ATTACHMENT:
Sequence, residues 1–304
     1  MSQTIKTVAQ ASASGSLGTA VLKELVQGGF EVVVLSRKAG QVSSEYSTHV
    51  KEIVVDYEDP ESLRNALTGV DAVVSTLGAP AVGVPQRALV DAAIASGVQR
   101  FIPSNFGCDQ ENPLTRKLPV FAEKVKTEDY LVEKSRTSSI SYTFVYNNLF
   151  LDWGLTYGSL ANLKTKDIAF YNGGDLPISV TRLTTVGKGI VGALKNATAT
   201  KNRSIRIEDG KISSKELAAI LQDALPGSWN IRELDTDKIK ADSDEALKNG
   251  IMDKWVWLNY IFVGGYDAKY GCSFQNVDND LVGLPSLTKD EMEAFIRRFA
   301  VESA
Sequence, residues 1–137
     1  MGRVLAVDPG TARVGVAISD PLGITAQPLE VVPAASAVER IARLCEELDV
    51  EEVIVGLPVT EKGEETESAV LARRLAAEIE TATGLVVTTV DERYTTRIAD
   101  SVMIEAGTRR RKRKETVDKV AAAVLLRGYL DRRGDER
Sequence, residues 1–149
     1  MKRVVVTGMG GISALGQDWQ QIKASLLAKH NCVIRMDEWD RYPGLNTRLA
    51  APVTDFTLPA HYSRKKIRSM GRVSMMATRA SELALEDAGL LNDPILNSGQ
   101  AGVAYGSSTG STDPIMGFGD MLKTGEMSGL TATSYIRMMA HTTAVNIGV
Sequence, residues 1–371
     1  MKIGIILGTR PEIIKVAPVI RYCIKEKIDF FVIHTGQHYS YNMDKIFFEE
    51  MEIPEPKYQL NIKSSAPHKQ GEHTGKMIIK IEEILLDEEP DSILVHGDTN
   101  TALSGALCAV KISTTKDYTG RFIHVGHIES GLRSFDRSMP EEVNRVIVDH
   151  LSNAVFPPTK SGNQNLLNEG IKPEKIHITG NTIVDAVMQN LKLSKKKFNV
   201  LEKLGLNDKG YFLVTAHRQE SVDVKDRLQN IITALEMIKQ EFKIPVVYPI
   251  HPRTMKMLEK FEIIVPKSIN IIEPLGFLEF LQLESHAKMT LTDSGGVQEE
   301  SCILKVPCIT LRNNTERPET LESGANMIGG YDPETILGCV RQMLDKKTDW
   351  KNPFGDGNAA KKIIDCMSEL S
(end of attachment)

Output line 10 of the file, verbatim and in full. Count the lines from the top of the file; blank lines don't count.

     1  MGRVLAVDPG TARVGVAISD PLGITAQPLE VVPAASAVER IARLCEELDV